The MSM however has retained its monopoly in influencing and shaping opinions, the real source of its power and privilege. It may or may not influence electoral performance but it definitely affects public mood. Bloggers have challenged this intellectual hegemony by relentlessly questioning, probing, and critiquing journalists and columnists. In many cases, they have offered alternative stories and policy formulations. The intellectual dinosaurs who continue to cling to a set of archaic beliefs find it extremely unpalatable to be challenged by a group of passionate upstarts.

In the high stake medium of MSM, it would be rare to find a columnist who directly challenges the ideas of a fellow journalist...Bloggers have no such inhibitions.
In the high stake medium of MSM, it would be rare to find a columnist who directly challenges the ideas of a fellow journalist. In this cosy world, The Hindu can sell it self a liberal voice while furiously editorializing in support of the brutal and repressive Chinese regime. It is hard to imagine a Barkha Dutt or Rajdeep Sardesai or even the self-proclaimed classical liberal newspaper calling its bluff; they have plenty of skeletons of their own. Bloggers have no such inhibitions; N. Ram is not likely to be too pleased with Nitin Pai’s brilliant exposure of his intellectual dishonesty. That many such bloggers might be specialists in their own field as opposed to journalists who, at least in India, tend to be generalists simply adds to the discomfiture. It is hard to pretend to be all knowing when arguing with someone who may have years of experience in a particular field. Granted that many such critiques are over the top and the language employed may be too colorful, a fact which the MSM has cleverly exploited to dismiss the dissenters as dysfunctional ranters. Yet, the stridency of the tone cannot subtract from the message. Bloggers may not have won this battle of ideas, that has never anyway been the intention, but there is little doubt that they have mounted a serious challenge.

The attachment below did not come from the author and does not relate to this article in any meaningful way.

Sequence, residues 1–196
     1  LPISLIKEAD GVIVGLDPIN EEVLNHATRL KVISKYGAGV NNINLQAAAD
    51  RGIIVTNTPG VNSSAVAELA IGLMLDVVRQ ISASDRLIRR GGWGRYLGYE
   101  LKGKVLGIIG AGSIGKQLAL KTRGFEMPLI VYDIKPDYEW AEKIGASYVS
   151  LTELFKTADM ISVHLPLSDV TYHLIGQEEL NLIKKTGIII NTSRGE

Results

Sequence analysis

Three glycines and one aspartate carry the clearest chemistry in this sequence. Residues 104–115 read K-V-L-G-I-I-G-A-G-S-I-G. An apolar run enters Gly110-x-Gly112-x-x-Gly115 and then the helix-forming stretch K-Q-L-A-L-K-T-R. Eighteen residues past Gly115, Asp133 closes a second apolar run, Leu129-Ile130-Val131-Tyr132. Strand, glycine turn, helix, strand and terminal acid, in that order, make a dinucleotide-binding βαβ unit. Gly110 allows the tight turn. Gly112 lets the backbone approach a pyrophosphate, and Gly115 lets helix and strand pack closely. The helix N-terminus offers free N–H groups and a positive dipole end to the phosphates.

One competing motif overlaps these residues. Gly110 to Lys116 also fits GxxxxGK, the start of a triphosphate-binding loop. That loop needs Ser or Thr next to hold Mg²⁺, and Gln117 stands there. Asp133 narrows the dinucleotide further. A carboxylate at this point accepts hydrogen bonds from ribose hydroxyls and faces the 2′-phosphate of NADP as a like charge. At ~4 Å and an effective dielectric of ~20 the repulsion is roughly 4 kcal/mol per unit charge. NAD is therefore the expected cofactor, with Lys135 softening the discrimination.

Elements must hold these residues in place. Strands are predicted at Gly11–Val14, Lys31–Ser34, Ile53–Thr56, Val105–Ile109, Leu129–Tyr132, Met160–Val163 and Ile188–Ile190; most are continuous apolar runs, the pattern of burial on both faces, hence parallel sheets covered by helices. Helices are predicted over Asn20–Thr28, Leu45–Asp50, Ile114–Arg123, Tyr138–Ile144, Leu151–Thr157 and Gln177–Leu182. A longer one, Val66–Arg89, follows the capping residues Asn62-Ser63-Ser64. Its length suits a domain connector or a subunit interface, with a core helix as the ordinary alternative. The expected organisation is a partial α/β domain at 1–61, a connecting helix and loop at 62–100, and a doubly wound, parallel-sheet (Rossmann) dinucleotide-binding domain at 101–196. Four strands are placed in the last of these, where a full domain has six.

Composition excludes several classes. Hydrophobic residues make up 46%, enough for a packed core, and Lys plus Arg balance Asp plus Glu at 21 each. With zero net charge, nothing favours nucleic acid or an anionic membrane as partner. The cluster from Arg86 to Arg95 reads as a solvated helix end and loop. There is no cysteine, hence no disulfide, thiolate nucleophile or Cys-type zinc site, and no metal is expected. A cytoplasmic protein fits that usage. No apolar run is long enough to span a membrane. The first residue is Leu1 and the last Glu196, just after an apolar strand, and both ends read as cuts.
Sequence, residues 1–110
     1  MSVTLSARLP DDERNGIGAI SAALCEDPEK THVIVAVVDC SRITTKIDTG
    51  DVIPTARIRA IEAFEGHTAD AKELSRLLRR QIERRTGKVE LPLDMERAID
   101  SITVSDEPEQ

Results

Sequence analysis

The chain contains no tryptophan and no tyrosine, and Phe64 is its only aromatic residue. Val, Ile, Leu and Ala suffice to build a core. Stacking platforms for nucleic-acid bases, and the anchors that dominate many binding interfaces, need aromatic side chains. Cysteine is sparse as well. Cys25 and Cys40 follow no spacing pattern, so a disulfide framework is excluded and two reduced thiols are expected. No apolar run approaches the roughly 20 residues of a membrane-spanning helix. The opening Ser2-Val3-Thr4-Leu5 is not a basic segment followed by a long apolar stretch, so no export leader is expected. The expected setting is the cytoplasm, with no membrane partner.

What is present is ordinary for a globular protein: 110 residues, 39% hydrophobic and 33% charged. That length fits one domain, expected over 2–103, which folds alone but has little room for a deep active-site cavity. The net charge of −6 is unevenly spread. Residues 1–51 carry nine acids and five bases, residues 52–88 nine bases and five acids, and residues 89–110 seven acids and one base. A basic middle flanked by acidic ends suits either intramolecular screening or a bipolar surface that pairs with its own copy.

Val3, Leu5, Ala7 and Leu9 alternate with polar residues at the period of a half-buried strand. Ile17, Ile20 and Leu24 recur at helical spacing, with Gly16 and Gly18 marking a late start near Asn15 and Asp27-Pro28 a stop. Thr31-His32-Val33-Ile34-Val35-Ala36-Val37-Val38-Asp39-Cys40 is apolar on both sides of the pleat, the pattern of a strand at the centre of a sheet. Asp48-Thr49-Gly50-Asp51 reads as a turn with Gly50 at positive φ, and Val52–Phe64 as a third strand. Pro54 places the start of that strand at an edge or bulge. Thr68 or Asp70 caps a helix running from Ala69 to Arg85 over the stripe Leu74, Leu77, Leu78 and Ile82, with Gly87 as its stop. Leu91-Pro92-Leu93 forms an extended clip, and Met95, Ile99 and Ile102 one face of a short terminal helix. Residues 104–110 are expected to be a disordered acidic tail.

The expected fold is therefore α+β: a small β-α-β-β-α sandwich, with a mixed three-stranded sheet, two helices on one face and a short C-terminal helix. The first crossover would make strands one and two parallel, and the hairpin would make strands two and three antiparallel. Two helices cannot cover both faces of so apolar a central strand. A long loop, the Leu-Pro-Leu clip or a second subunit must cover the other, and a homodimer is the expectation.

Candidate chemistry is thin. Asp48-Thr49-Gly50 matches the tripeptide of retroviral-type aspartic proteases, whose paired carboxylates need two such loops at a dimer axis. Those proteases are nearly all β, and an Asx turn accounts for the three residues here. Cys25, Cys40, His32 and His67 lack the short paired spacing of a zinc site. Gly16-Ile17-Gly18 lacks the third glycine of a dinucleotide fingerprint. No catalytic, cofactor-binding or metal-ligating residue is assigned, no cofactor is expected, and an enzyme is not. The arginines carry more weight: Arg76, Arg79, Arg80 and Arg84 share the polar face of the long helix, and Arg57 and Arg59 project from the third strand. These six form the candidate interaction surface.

As the blogosphere continues to grow and develop, the MSM faces two stark choices: It can either continue in its present state of denial or it can accept that bloggers have managed to carve their own niche and are unlikely to disappear. It is a choice between confrontation and cooperation. We can only hope that, for once, MSM would display wisdom and humility.


bee said...

thank you for a very insightful and accurate assessment.

The_girl_from_ipanema said...

1) Nice post!

2) Everyone and their brother can publish an anonymous or even eponymous blog on the www and spout theories unchecked. It gets harder to separate the wheat from the chaff, that might partly be the reason that bloggers are not taken as seriously or assigned as much authority as MSM in the eyes of the public. Bloggers are also less accountable for their words to some extent compared to an MSM reporter.

3) in the case of the NDTV feature on bloggers, I agree it was insular, but I suspect it was more out of ignorance/ penchant for sensationalizing than out of any hostility towards blogging in general. But i didn't watch it, so perhaps am not qualified to say.

The Indian Mainstream Media and Desi Bloggers | DesiPundit said...

[...] Hum Blogistani Essay Series’ second offering, Confused wonders why the mainstream media in India continues to feel threatened by bloggers even though we number only in the thousands (much less in the political blogosphere) [hat tip: [...]

Ishani Duttagupta said...

AN interesting post. I'm a journalist with mainstream media and a blogger too. Personally, I feel that my blog and my newspaper are two completely different platforms with no conflict between them. Each caters to a different kind of content, as far as I'm personally concerned.

thiva said...


Gemini said...

You hate it, you love it, you throw it, you use it... but you CAN NOT IGNORE it... that's what is 100% true about blogging! :)

84735 said...

Blogging is the future and everyone needs to get online and stay connected with the world ... We are living in a very special time in history as we move closer to the point of ascension !

We will awaken to a new reality of who we really are ... our spiritual oneness which connects everything in the cosmos is God !

Peace & Love


Renjith Nair said...